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In search of on-ramps to competency-based learning

The Christensen Institute

As more and more school systems across the country explore “going competency-based,” we need to be attentive to the processes that will actually allow such innovations to thrive. Current time- and age-based accountability measures have a stronghold on schools, even those trying to break away from the factory model of education. As a result, we would predict that time-based metrics and incentives could cannibalize many efforts to reinvent learning in a competency-based manner.

Unlikely bedfellows converge, create inspired vision for future of education

The Christensen Institute

From the right to the left, from those who support school choice to those who have sought to protect traditional school districts, from superintendents and principals to the presidents of the two major teachers unions, and from industry leaders to researchers, a diverse group of unlikely bedfellows released on Tuesday a new effort and accompanying report to rethink education in America titled Education Reimagined: A transformational vision for education in the U.S.

6 tips from personalized learning innovators leading change

The Christensen Institute

Earlier this year, the Rhode Island-based Highlander Institute and the Clayton Christensen Institute teamed up to bring together a conference on blended and personalized learning in Providence, R.I. Click here to learn more.

The next-gen high school to watch

The Christensen Institute

Last month, the Virtual Learning Academy Charter School (VLACS) in New Hampshire launched a new set of pathways for students. These allow students to move through learning at a more flexible pace, on an as-needed basis.

What do at-risk students, English language learners and adult college students have in common?

The Hechinger Report

The New York Times has a new education supplement, called Learning, and The Hechinger Report is collaborating with the Times to produce Bulletin Board, a collection of noteworthy ideas and trends in education that will appear on page 2 of the section, which will come out four times a year.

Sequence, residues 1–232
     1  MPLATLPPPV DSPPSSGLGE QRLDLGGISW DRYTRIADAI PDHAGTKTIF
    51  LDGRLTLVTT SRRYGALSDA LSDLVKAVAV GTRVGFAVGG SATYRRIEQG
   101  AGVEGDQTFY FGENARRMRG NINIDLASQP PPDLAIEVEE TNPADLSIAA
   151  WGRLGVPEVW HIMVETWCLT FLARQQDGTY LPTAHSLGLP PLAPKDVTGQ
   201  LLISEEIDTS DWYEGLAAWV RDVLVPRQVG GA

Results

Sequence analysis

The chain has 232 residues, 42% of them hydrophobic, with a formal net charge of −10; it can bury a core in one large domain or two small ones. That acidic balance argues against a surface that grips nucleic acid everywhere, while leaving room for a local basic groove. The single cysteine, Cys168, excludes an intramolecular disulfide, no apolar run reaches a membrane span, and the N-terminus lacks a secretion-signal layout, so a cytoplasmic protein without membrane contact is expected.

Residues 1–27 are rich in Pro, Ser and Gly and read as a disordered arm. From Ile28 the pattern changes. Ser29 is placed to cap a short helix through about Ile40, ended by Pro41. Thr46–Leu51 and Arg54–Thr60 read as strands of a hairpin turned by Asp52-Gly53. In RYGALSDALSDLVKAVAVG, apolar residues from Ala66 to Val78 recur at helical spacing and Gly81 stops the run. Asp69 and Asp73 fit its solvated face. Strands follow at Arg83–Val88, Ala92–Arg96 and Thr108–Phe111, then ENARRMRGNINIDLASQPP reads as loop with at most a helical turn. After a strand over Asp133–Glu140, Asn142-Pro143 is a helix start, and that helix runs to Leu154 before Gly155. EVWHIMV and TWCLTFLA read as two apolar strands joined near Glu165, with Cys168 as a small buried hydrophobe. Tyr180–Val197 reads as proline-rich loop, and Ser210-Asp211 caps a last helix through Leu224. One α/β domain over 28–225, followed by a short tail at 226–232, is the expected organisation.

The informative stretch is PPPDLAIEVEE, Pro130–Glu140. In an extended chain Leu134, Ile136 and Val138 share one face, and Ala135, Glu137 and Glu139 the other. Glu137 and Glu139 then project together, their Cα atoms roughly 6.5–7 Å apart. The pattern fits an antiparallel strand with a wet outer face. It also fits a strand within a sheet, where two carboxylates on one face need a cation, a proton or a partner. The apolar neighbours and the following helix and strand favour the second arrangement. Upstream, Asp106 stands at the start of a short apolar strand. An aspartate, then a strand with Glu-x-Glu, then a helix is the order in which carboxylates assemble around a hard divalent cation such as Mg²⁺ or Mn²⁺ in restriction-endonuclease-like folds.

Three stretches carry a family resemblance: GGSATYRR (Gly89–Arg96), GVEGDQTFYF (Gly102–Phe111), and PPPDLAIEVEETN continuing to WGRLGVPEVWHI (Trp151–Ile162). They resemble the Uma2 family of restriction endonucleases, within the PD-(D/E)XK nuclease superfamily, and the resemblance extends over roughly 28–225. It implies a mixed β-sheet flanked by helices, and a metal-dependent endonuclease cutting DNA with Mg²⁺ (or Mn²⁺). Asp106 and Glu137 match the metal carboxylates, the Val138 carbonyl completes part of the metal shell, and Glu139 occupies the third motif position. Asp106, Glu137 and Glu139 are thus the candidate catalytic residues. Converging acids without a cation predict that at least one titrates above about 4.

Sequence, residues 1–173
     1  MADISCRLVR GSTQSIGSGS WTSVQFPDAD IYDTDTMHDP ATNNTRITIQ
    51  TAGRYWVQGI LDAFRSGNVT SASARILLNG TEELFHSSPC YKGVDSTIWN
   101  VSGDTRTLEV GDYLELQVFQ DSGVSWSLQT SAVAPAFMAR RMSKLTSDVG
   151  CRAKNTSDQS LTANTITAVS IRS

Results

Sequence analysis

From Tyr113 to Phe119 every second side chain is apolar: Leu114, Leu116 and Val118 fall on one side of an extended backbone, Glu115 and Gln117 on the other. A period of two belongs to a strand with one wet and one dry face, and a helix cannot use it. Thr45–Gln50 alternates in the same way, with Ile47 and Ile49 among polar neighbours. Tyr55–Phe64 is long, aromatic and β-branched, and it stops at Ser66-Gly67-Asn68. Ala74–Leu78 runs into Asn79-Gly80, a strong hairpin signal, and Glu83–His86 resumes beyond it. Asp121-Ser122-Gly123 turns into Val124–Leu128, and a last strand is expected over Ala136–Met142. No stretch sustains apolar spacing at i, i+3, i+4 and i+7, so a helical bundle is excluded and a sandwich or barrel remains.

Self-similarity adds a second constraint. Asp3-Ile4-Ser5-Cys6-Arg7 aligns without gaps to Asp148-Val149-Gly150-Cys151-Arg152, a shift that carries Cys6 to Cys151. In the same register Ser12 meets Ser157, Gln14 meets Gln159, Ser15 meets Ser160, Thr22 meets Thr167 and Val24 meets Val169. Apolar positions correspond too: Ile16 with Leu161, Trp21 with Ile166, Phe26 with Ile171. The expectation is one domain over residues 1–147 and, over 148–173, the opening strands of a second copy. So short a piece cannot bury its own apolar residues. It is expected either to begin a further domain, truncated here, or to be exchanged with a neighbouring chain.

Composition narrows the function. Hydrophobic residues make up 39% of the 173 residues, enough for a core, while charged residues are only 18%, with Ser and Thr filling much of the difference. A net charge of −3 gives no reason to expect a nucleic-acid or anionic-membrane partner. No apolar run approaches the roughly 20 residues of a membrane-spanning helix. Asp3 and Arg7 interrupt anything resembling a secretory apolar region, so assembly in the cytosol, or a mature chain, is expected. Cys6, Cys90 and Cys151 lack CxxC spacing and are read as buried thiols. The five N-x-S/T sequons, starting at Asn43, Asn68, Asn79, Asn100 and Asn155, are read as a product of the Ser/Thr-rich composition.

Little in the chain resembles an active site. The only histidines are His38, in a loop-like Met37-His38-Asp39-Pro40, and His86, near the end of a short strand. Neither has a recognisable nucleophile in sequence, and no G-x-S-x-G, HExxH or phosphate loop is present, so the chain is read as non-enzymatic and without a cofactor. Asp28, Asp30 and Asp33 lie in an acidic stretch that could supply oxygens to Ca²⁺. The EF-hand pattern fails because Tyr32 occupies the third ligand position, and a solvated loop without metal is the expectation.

What Does a School Need to Enable Learning Based on Student Competency?

MindShift

Many teachers have long been frustrated with static, canned curriculum that doesn’t seem connected to kids’ lives, and testing requirements that drive the learning experience. ’ Competency education refers to a break from the traditional time-based school model.

How 2Revolutions is Helping Schools, Districts, and States Support Future of Learning Models

Edsurge

There are organizations that support different kinds of transformation in schools and after researching and interviewing some of these organizations, we've learned a great deal about what these changes can look like, how schools go about redesigning aspects of their model, and what types of support they need along the way. In October, we will share a guide highlighting the trends, insights and challenges we've learned about while profiling five key players in the world of school redesign.

A school where you can’t fail — it just takes you longer to learn

The Hechinger Report

The only goal is to learn the material, sooner or later. But, in general, students work at their own pace through worksheets, online lessons and small-group discussions with teachers. They get frequent updates on which skills they’ve learned and which ones they need to acquire.

Will “school choice on steroids” get a boost under a Trump administration?

The Hechinger Report

The logical extension of such policies – permitting students to take individual courses wherever they wish, by using online options – has already begun to take root in about a dozen states. So far, only a tiny fraction of eligible students have enrolled for online classes.

Has New Hampshire found the secret to online education that works?

The Hechinger Report

In January 2015, Duggan enrolled in New Hampshire’s self-paced Virtual Learning Academy Charter School (VLACS), joining about 200 full-time middle and high school students and about 10,000 part-timers from brick-and-mortar schools statewide who take VLACS courses a la carte. Competencies.